Provost Addresses Access to Education at IAU ConferenceContact: Bob Howe
|Stephen Freedman, Ph.D.
Stephen Freedman, Ph.D., provost of the University and professor of ecology and evolutionary biology at Fordham, chaired a session on “Financing Equity in Access and Success,” at the International Association of Universities (IAU) 2011 International Conference, held Nairobi, Kenya, from Nov. 16 through 18. He was named a full member of the organization’s Administrative Board in 2009.
The theme of the 2011 Conference was “Strategies for Securing Equity and Success in Higher Education,” and examined the extent to which government and institutional policies and programs around the world succeed in increasing equitable access to, and success in, higher education. Freedman also attended the 76th IAU Administrative Board Meeting on Nov. 15 and16, in Nairobi.
The preamble of the IAU 2008 policy statement, “Equitable Access, Success and Quality in Higher Education,” states, in part: “A well-educated citizenry is the foundation of social equity, cohesion and successful participation in the global knowledge economy. As a result most countries have set goals to increase the share of the population with higher education and/or broaden access to higher education for individuals that are under-represented because of socioeconomic status, race, ethnicity, religion, age, gender, [dis]ability or location.”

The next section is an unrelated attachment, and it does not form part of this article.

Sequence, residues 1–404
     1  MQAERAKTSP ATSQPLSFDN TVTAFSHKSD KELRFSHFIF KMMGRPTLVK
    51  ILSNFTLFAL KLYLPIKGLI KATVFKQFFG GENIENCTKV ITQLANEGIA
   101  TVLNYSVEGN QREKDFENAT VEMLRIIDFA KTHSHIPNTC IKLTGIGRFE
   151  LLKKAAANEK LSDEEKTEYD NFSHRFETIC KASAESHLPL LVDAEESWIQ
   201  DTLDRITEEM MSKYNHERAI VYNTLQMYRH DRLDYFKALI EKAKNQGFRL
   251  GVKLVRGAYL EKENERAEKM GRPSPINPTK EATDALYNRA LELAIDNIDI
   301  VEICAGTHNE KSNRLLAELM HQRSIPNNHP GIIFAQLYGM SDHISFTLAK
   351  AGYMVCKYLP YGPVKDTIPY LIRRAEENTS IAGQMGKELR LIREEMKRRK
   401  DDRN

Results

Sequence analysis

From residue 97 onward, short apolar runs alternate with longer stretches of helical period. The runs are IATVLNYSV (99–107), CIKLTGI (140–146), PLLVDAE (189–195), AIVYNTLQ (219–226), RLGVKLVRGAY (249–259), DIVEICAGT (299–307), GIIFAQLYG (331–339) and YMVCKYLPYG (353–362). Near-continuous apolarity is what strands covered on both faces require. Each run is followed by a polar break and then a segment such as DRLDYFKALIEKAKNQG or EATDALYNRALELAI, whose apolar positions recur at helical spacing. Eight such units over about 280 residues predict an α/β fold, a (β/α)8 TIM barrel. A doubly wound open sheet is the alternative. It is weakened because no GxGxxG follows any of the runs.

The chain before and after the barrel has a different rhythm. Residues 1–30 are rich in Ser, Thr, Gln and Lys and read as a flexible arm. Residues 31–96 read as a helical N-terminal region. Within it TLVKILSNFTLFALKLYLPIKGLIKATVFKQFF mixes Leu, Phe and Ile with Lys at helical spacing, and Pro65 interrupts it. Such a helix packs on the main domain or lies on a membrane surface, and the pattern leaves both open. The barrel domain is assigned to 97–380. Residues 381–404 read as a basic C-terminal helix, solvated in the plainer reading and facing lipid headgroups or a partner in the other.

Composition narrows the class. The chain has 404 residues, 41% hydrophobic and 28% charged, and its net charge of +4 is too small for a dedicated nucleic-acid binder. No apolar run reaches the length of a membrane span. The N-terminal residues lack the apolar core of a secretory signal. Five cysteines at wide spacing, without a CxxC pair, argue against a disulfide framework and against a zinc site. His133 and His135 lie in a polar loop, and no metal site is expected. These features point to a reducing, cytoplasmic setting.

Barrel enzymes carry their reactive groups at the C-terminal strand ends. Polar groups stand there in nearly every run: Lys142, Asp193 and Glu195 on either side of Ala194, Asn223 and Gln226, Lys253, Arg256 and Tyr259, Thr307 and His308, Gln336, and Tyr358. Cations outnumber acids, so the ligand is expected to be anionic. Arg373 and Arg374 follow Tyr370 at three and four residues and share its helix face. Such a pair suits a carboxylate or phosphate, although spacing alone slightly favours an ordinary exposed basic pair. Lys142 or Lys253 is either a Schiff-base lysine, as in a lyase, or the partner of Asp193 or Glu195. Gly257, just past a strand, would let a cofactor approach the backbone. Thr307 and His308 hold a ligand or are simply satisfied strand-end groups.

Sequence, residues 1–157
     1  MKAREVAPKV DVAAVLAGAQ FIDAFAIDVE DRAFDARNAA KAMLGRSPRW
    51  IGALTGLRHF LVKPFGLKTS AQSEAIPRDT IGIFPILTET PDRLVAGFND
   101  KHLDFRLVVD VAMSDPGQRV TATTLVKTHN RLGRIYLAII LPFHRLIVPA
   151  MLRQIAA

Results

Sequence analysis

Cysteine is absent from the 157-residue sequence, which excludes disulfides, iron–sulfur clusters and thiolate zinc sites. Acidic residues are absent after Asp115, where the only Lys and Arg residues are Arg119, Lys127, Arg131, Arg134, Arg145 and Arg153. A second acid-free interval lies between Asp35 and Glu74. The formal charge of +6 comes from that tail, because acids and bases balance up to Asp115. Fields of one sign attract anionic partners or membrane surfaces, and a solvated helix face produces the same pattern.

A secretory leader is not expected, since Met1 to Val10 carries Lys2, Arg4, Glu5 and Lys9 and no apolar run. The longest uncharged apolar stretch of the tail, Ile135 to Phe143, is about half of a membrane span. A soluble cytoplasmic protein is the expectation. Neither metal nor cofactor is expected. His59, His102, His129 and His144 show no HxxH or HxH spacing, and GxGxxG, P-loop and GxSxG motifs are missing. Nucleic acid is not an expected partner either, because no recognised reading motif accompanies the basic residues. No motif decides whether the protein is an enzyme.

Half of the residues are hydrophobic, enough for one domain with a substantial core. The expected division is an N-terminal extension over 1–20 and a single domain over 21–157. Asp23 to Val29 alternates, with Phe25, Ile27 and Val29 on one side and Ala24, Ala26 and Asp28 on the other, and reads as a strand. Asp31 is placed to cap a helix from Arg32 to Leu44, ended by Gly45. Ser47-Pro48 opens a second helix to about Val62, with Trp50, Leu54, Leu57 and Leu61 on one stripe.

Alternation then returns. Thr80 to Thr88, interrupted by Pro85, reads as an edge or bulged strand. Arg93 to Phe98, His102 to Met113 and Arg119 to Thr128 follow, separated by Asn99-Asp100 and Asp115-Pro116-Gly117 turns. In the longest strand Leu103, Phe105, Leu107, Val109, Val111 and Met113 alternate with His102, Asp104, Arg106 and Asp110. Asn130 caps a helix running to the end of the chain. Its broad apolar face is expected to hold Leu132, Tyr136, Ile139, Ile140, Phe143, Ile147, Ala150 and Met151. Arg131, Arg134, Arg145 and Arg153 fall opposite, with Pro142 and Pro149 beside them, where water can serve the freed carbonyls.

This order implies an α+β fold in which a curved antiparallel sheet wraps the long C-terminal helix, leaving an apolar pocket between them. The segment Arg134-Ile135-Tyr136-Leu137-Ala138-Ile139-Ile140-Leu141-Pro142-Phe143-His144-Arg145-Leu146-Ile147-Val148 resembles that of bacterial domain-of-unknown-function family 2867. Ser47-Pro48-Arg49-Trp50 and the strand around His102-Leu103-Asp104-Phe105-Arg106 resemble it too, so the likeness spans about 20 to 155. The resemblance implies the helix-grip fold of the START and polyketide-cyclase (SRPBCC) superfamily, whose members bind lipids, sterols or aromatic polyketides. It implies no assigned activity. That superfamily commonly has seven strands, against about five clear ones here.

Founded fifty years ago, IAU is a global forum where higher education leaders come together to discuss, examine and take action on issues of common interest and achieve shared goals through cooperation. The organization has 605 member institutions from around the globe, representing almost every continent. IAU’s core values include academic freedom and institutional autonomy; the responsibility to respond to the needs of society; and to promote justice, freedom, respect for human rights, human dignity and solidarity.
Founded in 1841, Fordham is the Jesuit University of New York, offering exceptional education distinguished by the Jesuit tradition to more than 15,100 students in its four undergraduate colleges and its six graduate and professional schools. It has residential campuses in the Bronx and Manhattan, a campus in West Harrison, N.Y., the Louis Calder Center Biological Field Station in Armonk, N.Y., and the London Centre at Heythrop College in the United Kingdom.